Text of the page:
Parker Woods is an avid bad-movie-watcher with an eye for uniqueness in the mundane and a penchant for shooting with film. As a portrait photographer, Woods aims to create a unique vision by combining the intimacy of diaristic style with that of fashion editorial photography. Today we’re sharing a selection of Parker’s work from his newly published book, Momo Tokyo.
Early summer 2016, I travelled to Japan for the first time. I had originally planned to take the trip as a sort of professional foray into a new world—I wanted to meet people and take photos of them, and I also wanted to shoot as many assignments as I could. But as the date for my flight grew closer, the desire to make something more meaningful out of the weeks ahead intensified. I had been working on an idea for a small personal project in which I’d shoot photos of friends using the same colored backdrop. I felt that this would link together otherwise unrelated portraiture. As I considered who I would want to photograph in Japan, I had an additional idea: incorporate the backdrop in my landscapes of the city as well. And that was how this project came to be. For twelve days, I carried a peach-colored (“momo” in Japanese) backdrop and a heavy metal c-stand around Tokyo, photographing new friends and everything else. I nearly walked one hundred miles in total. The backdrop became like a character to me in its own right and I soon felt that I was simply taking snapshots of a friend as it helped to contextualize my vignettes of the city.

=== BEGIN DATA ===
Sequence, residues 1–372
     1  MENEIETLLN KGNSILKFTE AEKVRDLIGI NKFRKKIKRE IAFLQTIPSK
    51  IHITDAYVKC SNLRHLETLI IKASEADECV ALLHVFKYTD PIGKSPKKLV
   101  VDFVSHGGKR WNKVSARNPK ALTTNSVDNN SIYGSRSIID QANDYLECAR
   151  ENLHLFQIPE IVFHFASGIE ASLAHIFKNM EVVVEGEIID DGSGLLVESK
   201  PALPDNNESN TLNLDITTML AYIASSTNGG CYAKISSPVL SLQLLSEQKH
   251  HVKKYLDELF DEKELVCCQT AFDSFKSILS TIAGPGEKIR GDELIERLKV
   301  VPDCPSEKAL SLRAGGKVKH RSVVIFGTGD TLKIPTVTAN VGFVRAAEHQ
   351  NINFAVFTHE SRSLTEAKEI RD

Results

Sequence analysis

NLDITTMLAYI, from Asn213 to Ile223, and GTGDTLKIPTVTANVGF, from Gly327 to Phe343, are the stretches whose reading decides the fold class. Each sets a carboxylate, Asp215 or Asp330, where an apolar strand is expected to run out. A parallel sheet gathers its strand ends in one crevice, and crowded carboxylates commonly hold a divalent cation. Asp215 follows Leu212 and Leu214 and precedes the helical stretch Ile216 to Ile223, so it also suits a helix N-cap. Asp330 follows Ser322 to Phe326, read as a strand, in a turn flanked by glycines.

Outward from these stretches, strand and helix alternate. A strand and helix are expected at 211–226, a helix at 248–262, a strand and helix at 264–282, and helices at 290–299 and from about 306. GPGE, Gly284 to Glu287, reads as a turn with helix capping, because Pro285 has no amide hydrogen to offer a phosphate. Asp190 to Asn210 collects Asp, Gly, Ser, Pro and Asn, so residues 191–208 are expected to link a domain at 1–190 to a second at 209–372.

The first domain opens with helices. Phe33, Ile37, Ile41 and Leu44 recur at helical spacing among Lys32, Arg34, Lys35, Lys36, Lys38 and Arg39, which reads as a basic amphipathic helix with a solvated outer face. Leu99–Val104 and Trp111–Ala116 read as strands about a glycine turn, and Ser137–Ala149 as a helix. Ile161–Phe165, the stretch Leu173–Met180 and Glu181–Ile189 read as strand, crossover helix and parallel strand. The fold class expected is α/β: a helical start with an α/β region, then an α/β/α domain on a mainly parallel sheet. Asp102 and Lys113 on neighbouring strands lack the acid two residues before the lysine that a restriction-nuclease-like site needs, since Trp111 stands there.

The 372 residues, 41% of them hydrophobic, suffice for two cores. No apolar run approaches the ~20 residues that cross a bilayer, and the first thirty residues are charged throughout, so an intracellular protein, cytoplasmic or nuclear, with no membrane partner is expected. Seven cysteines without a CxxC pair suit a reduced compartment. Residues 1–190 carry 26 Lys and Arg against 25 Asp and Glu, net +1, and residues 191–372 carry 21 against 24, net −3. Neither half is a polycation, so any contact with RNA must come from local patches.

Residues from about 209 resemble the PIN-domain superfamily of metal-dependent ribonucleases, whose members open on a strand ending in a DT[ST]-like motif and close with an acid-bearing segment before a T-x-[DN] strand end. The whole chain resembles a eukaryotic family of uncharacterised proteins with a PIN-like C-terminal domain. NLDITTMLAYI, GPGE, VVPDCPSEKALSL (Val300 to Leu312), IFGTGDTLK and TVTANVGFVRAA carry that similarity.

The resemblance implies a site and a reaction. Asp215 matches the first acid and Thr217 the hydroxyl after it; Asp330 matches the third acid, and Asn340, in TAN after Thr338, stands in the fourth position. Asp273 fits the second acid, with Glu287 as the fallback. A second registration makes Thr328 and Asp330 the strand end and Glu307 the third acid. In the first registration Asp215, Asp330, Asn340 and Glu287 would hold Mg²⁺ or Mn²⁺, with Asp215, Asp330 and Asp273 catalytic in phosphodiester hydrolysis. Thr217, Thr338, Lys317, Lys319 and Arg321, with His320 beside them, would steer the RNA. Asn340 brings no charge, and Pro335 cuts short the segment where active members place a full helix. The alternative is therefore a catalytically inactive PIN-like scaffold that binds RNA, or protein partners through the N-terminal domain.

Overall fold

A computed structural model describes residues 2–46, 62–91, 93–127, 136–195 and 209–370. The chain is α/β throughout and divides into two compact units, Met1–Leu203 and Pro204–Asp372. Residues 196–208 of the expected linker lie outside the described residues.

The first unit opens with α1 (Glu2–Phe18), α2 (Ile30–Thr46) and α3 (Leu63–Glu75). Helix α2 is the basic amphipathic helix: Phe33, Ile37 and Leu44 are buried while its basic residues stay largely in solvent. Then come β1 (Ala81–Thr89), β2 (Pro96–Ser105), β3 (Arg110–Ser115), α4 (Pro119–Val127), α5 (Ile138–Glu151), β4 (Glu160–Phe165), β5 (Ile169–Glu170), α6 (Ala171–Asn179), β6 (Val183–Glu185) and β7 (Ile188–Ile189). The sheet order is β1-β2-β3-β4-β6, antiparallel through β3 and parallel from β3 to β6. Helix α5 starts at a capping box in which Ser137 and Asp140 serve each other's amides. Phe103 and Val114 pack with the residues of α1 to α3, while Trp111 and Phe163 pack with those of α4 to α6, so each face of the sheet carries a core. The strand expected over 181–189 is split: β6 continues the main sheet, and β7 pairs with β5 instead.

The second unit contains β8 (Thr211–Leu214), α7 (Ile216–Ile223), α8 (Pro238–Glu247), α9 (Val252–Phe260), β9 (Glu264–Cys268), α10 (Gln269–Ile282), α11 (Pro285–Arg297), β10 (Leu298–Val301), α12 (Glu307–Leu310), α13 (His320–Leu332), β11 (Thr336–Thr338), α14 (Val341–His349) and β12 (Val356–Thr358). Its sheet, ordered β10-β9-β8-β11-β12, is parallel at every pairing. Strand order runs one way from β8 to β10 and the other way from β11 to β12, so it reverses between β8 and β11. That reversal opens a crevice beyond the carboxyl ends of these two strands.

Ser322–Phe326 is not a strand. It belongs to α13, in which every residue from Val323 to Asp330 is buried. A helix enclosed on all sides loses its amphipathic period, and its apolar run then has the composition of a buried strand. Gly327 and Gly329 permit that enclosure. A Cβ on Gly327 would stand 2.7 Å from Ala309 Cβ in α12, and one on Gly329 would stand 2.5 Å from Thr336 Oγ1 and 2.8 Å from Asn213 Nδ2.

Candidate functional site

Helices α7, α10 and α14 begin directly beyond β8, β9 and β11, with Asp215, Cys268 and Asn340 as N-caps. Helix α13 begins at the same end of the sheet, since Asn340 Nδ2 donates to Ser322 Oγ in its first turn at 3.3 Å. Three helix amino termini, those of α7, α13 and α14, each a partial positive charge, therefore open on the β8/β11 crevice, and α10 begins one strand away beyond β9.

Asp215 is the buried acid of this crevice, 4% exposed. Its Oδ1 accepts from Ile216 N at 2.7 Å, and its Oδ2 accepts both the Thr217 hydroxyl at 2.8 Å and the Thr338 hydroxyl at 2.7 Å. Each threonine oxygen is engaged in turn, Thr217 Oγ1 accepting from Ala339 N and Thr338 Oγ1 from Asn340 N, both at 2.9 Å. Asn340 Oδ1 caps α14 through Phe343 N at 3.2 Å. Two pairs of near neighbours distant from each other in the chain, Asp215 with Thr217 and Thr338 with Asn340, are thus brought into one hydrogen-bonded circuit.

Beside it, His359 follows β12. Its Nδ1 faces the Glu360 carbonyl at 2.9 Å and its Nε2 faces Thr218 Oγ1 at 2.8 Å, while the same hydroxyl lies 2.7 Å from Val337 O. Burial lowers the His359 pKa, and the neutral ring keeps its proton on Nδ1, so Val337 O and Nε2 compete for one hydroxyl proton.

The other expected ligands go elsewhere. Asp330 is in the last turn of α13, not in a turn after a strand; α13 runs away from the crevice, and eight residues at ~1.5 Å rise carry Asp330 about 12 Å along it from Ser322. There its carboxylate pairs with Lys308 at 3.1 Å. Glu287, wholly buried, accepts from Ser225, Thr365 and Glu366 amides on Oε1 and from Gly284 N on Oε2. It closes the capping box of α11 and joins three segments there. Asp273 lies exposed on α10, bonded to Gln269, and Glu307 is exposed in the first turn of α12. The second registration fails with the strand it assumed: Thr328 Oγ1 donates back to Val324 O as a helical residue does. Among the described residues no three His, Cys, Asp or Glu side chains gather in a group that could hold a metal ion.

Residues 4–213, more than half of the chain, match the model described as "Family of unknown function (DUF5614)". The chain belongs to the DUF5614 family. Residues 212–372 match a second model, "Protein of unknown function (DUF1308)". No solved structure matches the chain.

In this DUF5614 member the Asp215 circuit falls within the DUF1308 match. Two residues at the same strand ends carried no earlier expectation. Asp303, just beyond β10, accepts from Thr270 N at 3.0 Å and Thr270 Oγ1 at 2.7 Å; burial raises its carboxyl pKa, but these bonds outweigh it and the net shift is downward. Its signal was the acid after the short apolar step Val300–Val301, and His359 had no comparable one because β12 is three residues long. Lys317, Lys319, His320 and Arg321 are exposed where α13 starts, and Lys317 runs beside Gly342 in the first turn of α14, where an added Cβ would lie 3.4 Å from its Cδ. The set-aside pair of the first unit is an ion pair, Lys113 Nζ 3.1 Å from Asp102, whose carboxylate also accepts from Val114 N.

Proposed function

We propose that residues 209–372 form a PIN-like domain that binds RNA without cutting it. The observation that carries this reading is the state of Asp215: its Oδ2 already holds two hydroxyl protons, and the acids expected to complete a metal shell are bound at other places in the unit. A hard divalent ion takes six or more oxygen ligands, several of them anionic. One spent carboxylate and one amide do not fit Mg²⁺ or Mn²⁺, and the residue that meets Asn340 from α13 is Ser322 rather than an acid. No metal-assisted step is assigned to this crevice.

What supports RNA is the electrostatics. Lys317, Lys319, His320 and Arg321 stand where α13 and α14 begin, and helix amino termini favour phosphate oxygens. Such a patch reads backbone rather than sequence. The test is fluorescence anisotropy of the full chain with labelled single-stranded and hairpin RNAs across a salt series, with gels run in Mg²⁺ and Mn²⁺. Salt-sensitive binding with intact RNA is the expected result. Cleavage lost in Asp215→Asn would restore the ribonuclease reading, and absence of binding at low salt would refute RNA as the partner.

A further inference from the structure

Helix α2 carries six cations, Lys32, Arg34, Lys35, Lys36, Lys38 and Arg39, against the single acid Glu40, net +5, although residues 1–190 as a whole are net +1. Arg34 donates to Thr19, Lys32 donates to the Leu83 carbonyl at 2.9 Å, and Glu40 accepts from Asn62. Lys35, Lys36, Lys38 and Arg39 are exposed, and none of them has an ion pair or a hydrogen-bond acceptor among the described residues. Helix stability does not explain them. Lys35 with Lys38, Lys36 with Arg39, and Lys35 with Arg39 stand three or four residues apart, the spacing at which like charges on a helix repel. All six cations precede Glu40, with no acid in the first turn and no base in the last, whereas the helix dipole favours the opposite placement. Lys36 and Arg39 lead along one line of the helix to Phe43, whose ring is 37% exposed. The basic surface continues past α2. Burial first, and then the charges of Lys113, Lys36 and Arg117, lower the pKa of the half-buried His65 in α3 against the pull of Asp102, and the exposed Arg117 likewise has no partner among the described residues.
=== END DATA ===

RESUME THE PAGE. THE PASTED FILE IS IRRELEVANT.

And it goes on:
After a few days of shooting, I discovered that civil inattention was not as deeply ingrained in Japanese culture as it is here today in the United States. That is to say: people noticed. I was frequently asked to leave but the backdrop also prompted many friendly exchanges. Each interaction, whether passive, permissive or perturbed added to the experience and to a growing narrative.
Momo Tokyo stands as an exercise in contextualizing my first experiences with Japanese culture. It is a small expression of a complex thing seen only from a narrow window. It is a beautiful souvenir.